self-defense; home protection – DO PASS AMENDED
Barto moved that S.B. 1145 do pass.
Assistant Majority Research Analyst, advised that S.B. 1145 creates a
new justification for the use of physical and deadly physical force, and
requires the State to prove beyond a reasonable doubt that a defendant did
not act with justification if the defendant presents any evidence of
self-defense (Attachment 20). She reviewed the provisions of the
Justifies a person in using both physical and deadly
physical force against another if the person reasonably believes himself
or another to be in imminent peril of death or serious injury and:
The person that force is being used against was in the
process of unlawfully or forcefully entering a dwelling, residence or
occupied vehicle or was attempting to remove another person against the
person’s will from the dwelling, residence or occupied vehicle.
Applies the presumptions contained in the bill to the
following self-defense statutes:
A.R.S. § 13-404 Justification; self-defense
A.R.S. § 13-405 Justification; use of deadly physical
A.R.S. § 13-406 Justification; defense of a third
A.R.S. § 13-407 Justification; use of physical force
in defense of premises
A.R.S. § 13-408 Justification; use of physical force
in defense of property
A.R.S. § 13-418 Justification; use of force in defense of
dwelling, residence or occupied motor vehicles
Presumes that a person is acting reasonably if the person is
acting against another who unlawfully or forcefully entered the person’s
dwelling, residence or occupied vehicle.
States that this presumption does not apply if:
The person force was used against:
Had the right to be in/was the lawful resident of the dwelling, residence
Was the parent/grandparent/legal guardian of a child being removed from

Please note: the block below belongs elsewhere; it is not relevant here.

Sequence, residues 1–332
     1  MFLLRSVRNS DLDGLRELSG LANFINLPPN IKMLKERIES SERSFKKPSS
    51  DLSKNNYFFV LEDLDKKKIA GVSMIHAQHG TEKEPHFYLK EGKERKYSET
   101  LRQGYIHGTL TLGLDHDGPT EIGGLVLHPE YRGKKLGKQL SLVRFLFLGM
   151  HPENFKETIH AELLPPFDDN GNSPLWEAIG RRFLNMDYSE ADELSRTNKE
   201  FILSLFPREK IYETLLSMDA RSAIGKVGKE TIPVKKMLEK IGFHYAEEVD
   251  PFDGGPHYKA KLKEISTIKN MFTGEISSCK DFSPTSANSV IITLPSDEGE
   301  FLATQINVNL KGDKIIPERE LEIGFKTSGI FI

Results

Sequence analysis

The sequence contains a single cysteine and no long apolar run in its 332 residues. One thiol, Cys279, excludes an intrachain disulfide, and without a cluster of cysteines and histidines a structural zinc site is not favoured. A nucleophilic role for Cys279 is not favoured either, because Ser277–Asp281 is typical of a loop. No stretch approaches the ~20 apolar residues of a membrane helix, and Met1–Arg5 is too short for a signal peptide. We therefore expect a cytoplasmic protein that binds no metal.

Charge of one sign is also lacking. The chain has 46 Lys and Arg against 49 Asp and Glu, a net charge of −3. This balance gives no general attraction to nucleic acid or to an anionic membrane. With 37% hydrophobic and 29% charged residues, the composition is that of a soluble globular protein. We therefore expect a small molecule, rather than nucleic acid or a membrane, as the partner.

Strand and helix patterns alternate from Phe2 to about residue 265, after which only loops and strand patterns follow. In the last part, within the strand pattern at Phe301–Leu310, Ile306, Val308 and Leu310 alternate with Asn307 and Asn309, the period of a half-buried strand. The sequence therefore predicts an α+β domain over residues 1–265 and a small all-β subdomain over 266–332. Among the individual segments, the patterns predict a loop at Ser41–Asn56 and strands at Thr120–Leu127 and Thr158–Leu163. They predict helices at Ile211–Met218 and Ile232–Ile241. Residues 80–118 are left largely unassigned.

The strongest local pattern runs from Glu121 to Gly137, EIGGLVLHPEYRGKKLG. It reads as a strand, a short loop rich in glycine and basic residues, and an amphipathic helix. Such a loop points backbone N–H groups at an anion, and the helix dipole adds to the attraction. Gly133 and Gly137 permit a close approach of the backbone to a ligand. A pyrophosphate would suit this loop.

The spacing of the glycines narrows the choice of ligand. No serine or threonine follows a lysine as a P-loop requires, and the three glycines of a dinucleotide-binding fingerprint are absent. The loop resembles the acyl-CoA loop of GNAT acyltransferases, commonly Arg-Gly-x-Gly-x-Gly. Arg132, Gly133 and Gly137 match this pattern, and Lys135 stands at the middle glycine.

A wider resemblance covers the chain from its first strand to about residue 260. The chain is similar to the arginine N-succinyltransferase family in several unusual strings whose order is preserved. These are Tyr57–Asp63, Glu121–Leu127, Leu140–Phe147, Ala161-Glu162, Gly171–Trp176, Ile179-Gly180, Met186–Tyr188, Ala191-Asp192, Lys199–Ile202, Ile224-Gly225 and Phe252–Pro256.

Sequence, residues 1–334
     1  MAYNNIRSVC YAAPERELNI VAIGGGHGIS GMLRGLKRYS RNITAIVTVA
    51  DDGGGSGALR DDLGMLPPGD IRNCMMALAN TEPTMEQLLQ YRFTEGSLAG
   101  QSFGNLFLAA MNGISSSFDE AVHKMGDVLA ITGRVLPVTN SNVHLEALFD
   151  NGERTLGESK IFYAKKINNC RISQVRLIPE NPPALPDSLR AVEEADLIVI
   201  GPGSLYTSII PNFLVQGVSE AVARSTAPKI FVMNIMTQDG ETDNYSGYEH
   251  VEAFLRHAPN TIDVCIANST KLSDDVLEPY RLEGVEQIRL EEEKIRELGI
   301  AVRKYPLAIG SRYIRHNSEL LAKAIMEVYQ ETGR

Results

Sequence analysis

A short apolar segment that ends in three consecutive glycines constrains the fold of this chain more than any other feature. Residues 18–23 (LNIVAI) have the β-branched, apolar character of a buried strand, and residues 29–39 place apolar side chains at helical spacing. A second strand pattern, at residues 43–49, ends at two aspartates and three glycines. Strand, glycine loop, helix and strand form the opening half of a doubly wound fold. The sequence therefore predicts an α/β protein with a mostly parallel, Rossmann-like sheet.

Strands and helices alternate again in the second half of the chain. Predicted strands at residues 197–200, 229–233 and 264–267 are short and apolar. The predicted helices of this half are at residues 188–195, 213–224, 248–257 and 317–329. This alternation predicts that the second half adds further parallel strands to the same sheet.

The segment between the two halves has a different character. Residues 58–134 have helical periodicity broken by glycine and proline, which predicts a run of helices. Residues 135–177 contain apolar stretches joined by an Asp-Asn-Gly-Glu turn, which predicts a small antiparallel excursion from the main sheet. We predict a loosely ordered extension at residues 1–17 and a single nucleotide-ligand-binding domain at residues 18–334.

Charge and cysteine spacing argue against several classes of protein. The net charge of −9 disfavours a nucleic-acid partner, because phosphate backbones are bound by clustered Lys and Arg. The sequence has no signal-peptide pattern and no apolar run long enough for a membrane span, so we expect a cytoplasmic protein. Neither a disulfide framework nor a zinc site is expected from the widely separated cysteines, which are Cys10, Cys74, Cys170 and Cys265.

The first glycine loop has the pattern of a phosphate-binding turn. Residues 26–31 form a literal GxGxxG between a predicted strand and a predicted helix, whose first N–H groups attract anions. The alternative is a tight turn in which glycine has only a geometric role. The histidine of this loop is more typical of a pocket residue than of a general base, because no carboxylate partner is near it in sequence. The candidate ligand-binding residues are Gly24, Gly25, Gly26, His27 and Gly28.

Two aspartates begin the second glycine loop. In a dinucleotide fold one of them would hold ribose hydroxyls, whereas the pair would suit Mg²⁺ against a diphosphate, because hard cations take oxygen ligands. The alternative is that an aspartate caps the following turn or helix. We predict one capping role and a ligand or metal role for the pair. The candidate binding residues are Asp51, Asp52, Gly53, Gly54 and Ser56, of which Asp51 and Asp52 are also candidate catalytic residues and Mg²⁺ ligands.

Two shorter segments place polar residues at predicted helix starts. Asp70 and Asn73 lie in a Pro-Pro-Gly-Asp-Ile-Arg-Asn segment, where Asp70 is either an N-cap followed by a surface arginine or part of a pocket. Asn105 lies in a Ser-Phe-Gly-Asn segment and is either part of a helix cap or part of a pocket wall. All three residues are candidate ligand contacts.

the dwelling, residence or occupied vehicle.
Is a law enforcement officer entering/attempting to enter a dwelling,
residence or occupied vehicle.
The person using physical or deadly physical force is
engaged in unlawful activity.
States that a person has no duty to retreat before
threatening/using physical or deadly physical force.
States that justification defenses are not affirmative
Requires the state to prove beyond a reasonable doubt that
the defendant did not act with justification under the self-defense
statutes if the defendant presents any evidence of justification.
Requires the court to award attorney fees, costs,
compensation for lost income and expenses incurred by the defendant in a
civil action if the court finds the defendant is immune from prosecution.
Makes other technical and conforming changes.
Contains an emergency clause.
Barto moved that the Yarbrough four-page amendment dated 3/14/06 be
adopted (Attachment 21).
Ms. Whitmer explained
that the Yarbrough four-page amendment dated 3/14/06 removes both sections
of the bill dealing with affirmative defenses (Attachment 21). The
burden of proving a justification defense remains with the defendant and
the defendant must prove the defense by a preponderance of the evidence.
It clarifies that the statute is not limited to situations where the home,
contents of the home or residents of the home are being protected by the
use of force. The amendment provides that the court shall award
reasonable costs to the defendant if the defendant prevails in a civil
action. It expands one of the exemptions from the presumption to
include if a person knew or should have known that the person the force
was used against was a law enforcement officer. It strikes